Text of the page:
Last month I lifted up the important leadership competency of engaging people in God’s mission. The month prior, we focused on the importance of vision and vision casting as a leader. This month, we dig into the nitty gritty of ministry on the front lines: making gatherings memorable. What does it take for you to host a gathering – whether a bible study, a preaching event, or a confirmation lesson?
The most direct answer may be the following: prayer, planning, preparation, execution, and evaluation. It doesn’t always work out that way, yet creating these rhythms in one’s daily workflow can bring about remarkable results.
Prayer: As a pastor, I was influenced by one of Luther’s faculty, Dr. Patrick Kiefert, who encouraged our staff to begin staff meetings with a time of dwelling in the Word. This practice was also taken up by the church council, and proved to be a meaningful rhythm and ritual that kept our community rooted in Scripture and prayer while in the midst of the “business” of the church, including planning gatherings and responding to the various ministry needs and cultural changes before us. Prayer is an essential element to meaningful and purposeful gatherings.
Planning: How do the planning cycles in your church work? Planning six weeks out has proven to be a helpful practice for many congregations. Some even try to have their sermons in rough draft form at that point, if possible! At minimum, establishing a rhythm of long-range planning meetings will assist your community in getting all creative minds on the same page: music, liturgy, message, children, youth, and adults. It’s a privilege to engage various people and ministries in the many and various gatherings as the people of God.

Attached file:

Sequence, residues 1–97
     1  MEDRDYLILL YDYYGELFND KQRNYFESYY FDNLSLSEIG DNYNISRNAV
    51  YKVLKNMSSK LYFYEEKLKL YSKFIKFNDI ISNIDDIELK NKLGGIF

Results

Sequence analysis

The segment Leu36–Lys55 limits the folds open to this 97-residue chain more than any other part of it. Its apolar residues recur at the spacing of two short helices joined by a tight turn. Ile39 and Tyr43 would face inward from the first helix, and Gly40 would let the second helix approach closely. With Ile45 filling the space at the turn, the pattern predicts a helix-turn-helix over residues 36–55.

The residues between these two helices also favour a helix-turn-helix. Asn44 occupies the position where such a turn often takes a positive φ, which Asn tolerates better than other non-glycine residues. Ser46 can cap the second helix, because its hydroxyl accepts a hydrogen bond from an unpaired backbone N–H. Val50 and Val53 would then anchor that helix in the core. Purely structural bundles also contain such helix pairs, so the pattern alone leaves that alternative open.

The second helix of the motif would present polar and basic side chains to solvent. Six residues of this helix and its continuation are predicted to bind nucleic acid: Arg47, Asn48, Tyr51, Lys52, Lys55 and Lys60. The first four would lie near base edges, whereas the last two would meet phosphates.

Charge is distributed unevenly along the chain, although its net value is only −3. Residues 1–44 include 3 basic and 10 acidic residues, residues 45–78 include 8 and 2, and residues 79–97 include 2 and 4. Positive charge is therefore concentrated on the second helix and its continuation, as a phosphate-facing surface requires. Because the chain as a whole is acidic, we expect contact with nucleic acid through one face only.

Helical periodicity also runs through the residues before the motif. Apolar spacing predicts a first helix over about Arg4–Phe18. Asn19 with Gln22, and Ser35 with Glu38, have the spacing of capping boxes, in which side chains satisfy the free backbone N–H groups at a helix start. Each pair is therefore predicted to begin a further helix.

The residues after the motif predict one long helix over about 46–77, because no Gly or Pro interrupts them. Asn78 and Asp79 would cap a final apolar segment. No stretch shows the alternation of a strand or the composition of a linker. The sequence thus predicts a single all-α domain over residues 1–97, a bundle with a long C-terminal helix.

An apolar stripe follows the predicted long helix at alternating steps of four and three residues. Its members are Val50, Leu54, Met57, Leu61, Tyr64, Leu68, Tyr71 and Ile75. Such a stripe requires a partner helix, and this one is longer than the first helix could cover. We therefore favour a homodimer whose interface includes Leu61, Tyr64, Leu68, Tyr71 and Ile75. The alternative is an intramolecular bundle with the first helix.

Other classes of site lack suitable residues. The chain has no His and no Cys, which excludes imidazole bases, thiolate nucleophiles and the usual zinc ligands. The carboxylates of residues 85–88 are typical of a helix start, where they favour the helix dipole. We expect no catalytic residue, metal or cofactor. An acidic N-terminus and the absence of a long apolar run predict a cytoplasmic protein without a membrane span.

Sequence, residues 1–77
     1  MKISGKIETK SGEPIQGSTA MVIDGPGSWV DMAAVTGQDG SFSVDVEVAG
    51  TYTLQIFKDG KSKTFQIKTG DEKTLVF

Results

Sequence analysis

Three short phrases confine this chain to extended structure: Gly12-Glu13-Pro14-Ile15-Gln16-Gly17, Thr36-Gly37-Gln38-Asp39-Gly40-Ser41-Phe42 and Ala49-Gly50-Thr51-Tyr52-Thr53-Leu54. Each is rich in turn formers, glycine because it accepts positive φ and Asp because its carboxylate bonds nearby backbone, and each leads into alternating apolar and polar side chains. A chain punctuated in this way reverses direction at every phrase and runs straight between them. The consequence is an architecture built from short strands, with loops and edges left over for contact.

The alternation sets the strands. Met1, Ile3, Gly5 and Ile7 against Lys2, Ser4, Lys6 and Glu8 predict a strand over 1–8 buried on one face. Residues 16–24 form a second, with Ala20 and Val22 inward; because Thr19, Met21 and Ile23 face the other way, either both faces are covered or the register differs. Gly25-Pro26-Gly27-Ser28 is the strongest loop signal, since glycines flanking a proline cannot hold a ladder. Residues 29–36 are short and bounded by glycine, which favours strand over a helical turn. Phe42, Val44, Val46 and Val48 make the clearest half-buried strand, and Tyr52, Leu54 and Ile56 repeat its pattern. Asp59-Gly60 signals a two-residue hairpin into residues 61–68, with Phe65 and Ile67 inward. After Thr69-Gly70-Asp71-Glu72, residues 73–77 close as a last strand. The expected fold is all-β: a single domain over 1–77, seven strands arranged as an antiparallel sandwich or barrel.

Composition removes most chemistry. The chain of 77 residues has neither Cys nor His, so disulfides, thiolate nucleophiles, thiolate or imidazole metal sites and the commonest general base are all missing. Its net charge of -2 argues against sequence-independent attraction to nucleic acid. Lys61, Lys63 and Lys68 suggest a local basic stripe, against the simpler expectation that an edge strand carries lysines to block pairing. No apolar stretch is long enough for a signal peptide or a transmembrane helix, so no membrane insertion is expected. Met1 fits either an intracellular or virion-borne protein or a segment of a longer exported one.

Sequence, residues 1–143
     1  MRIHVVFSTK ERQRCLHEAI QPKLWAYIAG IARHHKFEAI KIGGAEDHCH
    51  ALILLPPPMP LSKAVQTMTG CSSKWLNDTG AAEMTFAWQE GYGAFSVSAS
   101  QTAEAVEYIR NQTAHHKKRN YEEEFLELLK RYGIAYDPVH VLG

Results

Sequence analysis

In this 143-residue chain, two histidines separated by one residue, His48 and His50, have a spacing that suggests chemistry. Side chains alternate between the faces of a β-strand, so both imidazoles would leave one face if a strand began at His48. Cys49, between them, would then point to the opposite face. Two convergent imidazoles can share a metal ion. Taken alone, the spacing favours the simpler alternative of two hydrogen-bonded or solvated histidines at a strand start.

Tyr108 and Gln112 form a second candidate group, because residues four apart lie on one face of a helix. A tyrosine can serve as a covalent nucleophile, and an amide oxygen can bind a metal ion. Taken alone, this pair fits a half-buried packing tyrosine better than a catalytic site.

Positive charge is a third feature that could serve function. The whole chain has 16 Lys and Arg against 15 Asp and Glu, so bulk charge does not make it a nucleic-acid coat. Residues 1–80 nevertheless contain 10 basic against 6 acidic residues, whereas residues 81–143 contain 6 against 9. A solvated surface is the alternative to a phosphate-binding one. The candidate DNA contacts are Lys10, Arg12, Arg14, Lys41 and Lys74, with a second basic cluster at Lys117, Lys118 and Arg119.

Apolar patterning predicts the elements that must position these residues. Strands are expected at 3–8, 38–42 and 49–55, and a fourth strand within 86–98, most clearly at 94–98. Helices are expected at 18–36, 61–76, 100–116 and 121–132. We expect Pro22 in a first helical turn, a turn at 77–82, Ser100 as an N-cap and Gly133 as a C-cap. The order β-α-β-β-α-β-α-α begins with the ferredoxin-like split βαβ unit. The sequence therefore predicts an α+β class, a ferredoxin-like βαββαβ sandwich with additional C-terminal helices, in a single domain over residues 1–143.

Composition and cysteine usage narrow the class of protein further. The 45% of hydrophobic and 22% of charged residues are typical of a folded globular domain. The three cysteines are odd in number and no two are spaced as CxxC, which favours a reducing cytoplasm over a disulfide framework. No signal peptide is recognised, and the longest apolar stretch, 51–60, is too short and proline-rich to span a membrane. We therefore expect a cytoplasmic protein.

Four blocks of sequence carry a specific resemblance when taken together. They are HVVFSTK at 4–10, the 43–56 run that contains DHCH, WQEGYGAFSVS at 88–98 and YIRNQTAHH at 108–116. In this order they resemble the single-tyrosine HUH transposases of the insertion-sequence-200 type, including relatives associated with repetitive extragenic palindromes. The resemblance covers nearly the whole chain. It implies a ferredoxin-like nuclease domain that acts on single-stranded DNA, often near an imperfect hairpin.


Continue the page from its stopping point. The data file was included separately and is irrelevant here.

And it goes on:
Preparation: Sometimes, however, we’re pressed for time and our planning does go as we wished. So, when pressed for time, what reliable resources do you consult in your planning? Sundays and Seasons is a great worship resource. And www.workingpreacher.org is fine compliment with its various scholarly and pastoral words of wisdom. This most recent post by Dr. Matthew Skinner gives a concrete vision for a broad and encompassing Lenten journey. The best news about such contributions, Sensing the Gospel: A Five-Part Series of Meditations for Lent, is that it is free!
Executing: Studying your material, rehearsing a sermon or bible study, finding the time to refuel so that you can bring your best self. These are the ingredients to strong execution. As public leaders, we want to be able to bring thoughtful engagement with God’s people. Our work is making meaning as a community of faith, and we rely on God to bring this redemptive meaning to light.
Evaluating: Sometimes, however, we live in limbo, not knowing why a particular sermon, meeting, or bible study didn’t go so well. On that note, I have to ask you a question, “Did you ask for feedback?” Finding ways to illicit feedback is a healthy practice in ministry. Yes, it means developing a thicker skin, perhaps. But, more times than not, it means hearing invaluable feedback that connects your planning, preparation and execution to the hearer’s lived experience. It is no wonder that the “sermon feedback forms” are some of the most valuable conversations had by interns with their internship committee. Perhaps such practices should be continued throughout one’s ministry. In doing so, we keep our finger on the pulse of how our words and actions impact the lives of
As we move from Christmas and Epiphany to Lent (before too long), may your gatherings be rich and memorable along the way!
Soli Deo Gloria!